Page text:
DR: : We’ve always been inspired to create things that we ourselves would want to wear.  As time went on and our personal style matured, we became less interested in making graphic t-shirts and began to gravitate towards a more mature look and feel for the company.

OA: Glad to hear you’ve matured, but I’ve got to know how bad was the first tie you made?

PH: Pretty awful.  I think we have it somewhere.  The fabric was this gross, really stiff, red gingham. I bought a yard for $3.  I’m sure the point is awful on it. That’s the part that we had the most trouble with at first, getting the points and tipping right.  We also used the wrong interfacing on it, so it’s just awful all around.
DR: Yeah, not good at all.  I mean it looked like a tie but knowing what we know now about making neckties, we look back at some of our first “creations” (we have saved them all) and laugh hysterically to each other.

OA: I’ve got to get some picture of these initial “first creations”.  Maybe that can be the next story?  Why is a tie such an important part of a man’s wardrobe?

PH: Well, practically, it’s definitely a necessity, something you’re going to need at one point.  In regards to a suit, it’s just that finishing piece that can really tie things together and balance things out – calm down a busy shirt, add some color to a toned down look and so forth.  Also, I like to think that it shows that you care about your appearance, and that doesn’t mean you have to be wearing a suit.

OA: Okay, if it’s all about balance then where do you get inspiration for ties?

PH: For each season, we start with a color pallet, fabric types, and patterns and go from there.  For general influence though, mid-nineties skate culture has a big impact on what we create.  I think the reason you see so many plaids and flannel from us has a lot to do with that.
DR: We spend a lot of time searching for the “right” fabrics and for me it’s hard to pinpoint just one avenue of inspiration.  I personally can get inspired by just about anything; something I see in a magazine, something someone is wearing or just a raw piece of fabric sitting in a warehouse.  When we do find that fabric or style that is right for Graham Withers we can pinpoint it right away and are almost always in full agreement on the designs that work for us.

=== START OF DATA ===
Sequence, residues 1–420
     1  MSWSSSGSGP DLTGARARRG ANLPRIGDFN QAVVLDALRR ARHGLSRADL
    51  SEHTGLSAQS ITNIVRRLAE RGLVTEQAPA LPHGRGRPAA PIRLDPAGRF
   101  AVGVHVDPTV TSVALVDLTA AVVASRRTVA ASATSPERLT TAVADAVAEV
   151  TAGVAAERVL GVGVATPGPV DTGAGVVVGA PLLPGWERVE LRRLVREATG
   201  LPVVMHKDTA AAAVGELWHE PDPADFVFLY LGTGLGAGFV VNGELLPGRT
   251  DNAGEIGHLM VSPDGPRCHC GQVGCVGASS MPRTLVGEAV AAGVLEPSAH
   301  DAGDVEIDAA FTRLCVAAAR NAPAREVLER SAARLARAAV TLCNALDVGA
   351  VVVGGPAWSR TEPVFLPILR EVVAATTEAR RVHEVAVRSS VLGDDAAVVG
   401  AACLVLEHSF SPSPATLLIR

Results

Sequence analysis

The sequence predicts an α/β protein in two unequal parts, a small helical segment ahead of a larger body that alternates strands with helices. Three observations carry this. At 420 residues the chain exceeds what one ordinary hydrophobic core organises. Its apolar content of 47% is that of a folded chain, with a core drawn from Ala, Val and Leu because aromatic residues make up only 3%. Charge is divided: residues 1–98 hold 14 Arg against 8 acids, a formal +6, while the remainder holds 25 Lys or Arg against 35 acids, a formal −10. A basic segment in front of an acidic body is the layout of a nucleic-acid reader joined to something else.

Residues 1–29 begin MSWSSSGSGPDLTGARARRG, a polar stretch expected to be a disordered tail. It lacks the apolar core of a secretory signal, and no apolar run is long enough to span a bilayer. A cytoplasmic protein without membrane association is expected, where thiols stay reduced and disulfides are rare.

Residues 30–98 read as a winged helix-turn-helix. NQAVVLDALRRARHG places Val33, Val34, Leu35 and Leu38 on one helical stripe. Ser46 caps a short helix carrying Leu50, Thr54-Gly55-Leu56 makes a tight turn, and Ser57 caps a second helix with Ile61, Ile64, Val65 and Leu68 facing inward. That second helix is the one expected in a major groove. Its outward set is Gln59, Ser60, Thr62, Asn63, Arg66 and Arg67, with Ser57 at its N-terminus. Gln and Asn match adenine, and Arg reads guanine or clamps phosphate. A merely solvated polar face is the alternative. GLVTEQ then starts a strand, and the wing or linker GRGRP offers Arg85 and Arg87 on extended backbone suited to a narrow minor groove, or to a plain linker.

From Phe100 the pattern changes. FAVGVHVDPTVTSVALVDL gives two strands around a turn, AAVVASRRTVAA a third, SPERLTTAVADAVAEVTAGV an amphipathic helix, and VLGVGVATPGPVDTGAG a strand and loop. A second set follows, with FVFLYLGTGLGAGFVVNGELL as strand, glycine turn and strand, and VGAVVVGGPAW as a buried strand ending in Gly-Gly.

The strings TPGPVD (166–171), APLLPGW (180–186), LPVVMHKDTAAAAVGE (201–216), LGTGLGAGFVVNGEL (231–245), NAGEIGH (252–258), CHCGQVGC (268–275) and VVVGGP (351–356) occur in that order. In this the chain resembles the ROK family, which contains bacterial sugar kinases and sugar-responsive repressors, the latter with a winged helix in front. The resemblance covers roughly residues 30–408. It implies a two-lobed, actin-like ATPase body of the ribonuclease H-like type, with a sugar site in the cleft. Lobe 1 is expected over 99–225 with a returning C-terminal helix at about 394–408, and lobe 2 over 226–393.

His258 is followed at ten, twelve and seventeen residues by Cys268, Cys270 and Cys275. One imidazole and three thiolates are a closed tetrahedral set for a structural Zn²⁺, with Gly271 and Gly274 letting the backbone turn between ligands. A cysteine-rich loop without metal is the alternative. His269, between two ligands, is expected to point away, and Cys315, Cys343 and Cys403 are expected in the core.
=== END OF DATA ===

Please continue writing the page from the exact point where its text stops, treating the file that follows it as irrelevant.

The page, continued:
OA: So you’re always agreeing… that makes things easy.  What are the plans for the future?  More accessories?  Clothing?

PH: We have a great series of ties coming out in the fall that includes a lot of our friends, so I’m really looking forward to that.  We’re probably going to finally get a knit tie, which we’ve wanted to do for a while now, but kept hitting road blocks.  And we’re most likely going to have some knit caps, and possibly scarves as well.  Right now we’re just focusing on accessories, but who knows.

OA: So it’s all about ties for now, so what’s your favorite tie?

PH: The cashmere tie we did for Winter 2010, theFranklin.  I don’t even own one myself, but I think it’s the nicest we’ve done.

DR: Yeah that cashmere tie has such an awesome presence.  I can tell you that the tie I wear most is this solid navy cotton piece we made last year.  I have a lot of busy shirts so and this solid navy tie always severs as a good moderator.

OA: Moderator?  Is that just a fancy way of saying it balances things out?  Thanks for your time guys, it’s been fun… I hope the OA readers enjoy this as much as I did.

Here’s some more pictures of Graham Withers pieces: